Movement disorder characterized by sustained involuntary muscle contractions and abnormal postures of the trunk, neck, face, or extremities.
The involuntary movements are associated with simultaneous contraction of agonist and antagonist muscles, with unwanted "overflow" contraction of adjacent muscles.
In some cases, pain in the affected muscles can be a prominent feature.
Dystonia may improve with simple "sensory tricks" such as lightly touching the affected body part (geste antagoniste).
Can be generalized or focal, primary (with no other neurologic abnormalities), or secondary to a structural lesion.
Dopa-responsive dystonias, although rare, should always be considered if generalized, as levodopa is dramatically effective in these situations.
Treatment is symptomatic. Agents include anticholinergics, antispasmodics, and botulinum toxin. Deep brain stimulation may be used in severe, refractory cases. Physical therapy is recommended.
Dystonia is a movement disorder characterized by sustained involuntary contractions of agonist and antagonist muscles, often leading to repetitive twisting movements and abnormal postures of the trunk, neck, face, or extremities. It is often associated with unwanted "overflow" contraction of adjacent muscles.
History and exam
Key diagnostic factors
- simultaneous contraction of agonist and antagonist muscles
- muscle pain
- appearance or worsening of dystonia with action
- cervical torticollis
- hand spasms
- foot spasms
Other diagnostic factors
- twisting of the affected body part
- geste antagoniste (sensory trick)
- spread to another body part
- tremor, weakness, or spasticity
- reflex sympathetic dystrophy
- Kayser-Fleischer rings on slit-lamp examination
- acute presentation (within 5 days of exposure to antidopaminergic agent)
- acute worsening of pre-existing generalized dystonia
- family history of dystonia
- repetitive activity of affected region
- birth injury and delayed development in childhood
- exposure to antidopaminergic agents
- genetic mutation
- Ashkenazi Jewish ethnicity
- structural lesion of the basal ganglia
- parkinsonian syndrome
1st investigations to order
- levodopa responsiveness
Investigations to consider
- cranial magnetic resonance imaging
- serum ceruloplasmin
- 24-hour urine copper
- DYT1 gene testing
- GCH1 gene testing
acute dystonic reactions
focal dystonia: other than adult isolated foot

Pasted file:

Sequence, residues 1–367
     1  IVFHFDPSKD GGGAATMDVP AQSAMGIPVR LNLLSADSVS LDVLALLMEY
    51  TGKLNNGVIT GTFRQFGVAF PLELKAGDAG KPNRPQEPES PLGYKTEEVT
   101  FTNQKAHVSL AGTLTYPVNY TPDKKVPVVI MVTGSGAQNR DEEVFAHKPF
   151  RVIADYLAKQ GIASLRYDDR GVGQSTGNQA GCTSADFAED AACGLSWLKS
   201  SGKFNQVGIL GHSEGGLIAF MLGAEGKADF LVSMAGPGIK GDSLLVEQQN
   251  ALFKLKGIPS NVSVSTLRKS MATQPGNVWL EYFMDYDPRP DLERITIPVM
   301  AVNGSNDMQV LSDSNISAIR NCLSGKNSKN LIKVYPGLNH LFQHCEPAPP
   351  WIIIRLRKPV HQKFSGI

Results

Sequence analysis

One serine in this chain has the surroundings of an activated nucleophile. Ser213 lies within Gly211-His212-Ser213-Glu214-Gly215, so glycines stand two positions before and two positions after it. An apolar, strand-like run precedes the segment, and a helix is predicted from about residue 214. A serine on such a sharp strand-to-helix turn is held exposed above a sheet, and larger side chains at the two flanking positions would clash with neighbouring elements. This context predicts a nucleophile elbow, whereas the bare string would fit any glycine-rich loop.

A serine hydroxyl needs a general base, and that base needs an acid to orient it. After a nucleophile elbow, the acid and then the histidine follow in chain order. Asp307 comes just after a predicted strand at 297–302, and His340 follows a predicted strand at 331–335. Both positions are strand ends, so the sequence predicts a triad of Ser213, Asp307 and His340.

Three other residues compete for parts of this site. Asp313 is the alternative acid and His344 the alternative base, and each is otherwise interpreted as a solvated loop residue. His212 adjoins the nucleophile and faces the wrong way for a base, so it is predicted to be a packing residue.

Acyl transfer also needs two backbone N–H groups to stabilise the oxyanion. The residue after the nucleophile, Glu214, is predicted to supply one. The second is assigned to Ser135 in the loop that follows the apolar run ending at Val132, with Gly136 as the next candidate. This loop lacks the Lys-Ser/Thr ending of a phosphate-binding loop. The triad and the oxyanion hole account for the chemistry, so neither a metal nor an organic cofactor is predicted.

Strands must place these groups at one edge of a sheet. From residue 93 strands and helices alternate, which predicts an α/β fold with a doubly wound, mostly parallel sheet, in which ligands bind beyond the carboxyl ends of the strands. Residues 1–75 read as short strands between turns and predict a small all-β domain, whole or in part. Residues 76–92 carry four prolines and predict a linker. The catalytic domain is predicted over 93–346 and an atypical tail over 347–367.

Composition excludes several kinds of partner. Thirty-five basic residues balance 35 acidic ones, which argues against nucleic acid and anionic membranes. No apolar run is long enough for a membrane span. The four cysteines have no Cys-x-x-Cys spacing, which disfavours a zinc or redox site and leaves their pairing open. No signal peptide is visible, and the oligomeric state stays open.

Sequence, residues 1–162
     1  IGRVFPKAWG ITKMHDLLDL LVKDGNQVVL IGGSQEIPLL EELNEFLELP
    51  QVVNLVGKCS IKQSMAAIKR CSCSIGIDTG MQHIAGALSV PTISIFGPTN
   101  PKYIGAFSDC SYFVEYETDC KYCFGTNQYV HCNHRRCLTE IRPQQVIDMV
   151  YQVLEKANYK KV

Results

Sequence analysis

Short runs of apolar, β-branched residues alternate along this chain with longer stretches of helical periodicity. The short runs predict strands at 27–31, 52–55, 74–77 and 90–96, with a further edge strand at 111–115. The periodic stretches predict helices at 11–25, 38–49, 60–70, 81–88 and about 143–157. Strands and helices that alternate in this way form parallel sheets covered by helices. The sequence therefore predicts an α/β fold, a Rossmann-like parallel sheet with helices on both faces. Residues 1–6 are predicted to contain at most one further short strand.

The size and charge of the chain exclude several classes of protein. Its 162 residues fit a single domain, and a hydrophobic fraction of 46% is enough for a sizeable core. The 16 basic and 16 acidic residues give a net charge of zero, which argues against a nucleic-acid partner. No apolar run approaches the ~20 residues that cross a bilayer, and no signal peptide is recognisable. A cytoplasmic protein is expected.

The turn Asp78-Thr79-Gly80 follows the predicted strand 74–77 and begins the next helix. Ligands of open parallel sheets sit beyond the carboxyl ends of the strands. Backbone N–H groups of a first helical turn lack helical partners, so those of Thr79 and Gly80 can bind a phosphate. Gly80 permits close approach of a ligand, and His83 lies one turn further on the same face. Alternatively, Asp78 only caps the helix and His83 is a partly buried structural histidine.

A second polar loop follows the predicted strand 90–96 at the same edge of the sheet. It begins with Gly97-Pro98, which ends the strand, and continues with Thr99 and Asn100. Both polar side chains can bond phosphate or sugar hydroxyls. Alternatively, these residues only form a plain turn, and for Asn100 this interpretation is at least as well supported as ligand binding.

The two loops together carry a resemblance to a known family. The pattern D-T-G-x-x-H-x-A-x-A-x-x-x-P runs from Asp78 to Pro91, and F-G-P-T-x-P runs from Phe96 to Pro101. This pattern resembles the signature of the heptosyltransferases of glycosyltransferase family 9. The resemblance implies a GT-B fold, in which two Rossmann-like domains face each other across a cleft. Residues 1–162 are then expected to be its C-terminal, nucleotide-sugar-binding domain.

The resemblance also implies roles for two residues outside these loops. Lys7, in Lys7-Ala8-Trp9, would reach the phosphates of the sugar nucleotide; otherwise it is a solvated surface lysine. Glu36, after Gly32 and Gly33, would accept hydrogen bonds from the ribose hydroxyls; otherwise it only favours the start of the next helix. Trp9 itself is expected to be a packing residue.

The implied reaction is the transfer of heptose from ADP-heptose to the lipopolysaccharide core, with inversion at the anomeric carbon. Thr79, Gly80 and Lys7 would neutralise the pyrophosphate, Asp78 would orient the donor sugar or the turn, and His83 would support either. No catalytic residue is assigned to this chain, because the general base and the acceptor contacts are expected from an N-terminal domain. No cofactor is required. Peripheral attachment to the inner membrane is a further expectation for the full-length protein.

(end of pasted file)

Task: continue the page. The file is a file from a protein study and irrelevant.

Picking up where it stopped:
adult isolated foot dystonia
Samuel Frank, MD
Associate Professor of Neurology
Parkinson's Disease and Movement Disorders Center
Beth Israel Deaconess Medical Center
SF is employed by the Beth Israel Deaconess Medical Center, which has received funding from Allergan to support partial fellowship training.
Dr Samuel Frank would like to gratefully acknowledge Dr Ludy C. Shih, Dr David K. Simon, and Dr Daniel Tarsy, previous contributors to this topic.
LCS is now an employee of Biogen, Inc. and has received funding from the NIH Dystonia Coalition project for participant enrollment. DKS has received consulting fees from the Gerson Lehrman Group. DKS is an author of a reference cited in this topic. DT has received an unrestricted grant from Allergan and Medtronic being used for education. He received unrestricted funds for patient education from Allergan, Boehringer Ingelheim, Valeant, and Teva Neurosciences. He has received research funds from Solvay and Neurogen. DT is an author of a number of references cited in this topic.
Patricia Dowsey Limousin, MD, PhD
Reader in Clinical Neurology
Institute of Neurology
National Hospital for Neurology and Neurosurgery
PDL declares that she has no competing interests.
Zhigoa Huang, MD, PhD
Movement Disorder Center
Dept of Neurology
University of Florida
ZH has been a consultant for Allergan and a speaker for Novartis and TEVA.
- Athetoid or spastic cerebral palsy
- Huntington disease (HD)
- Parkinson disease (PD) or atypical parkinsonism
- Botulinum neurotoxin for the treatment of movement disorders
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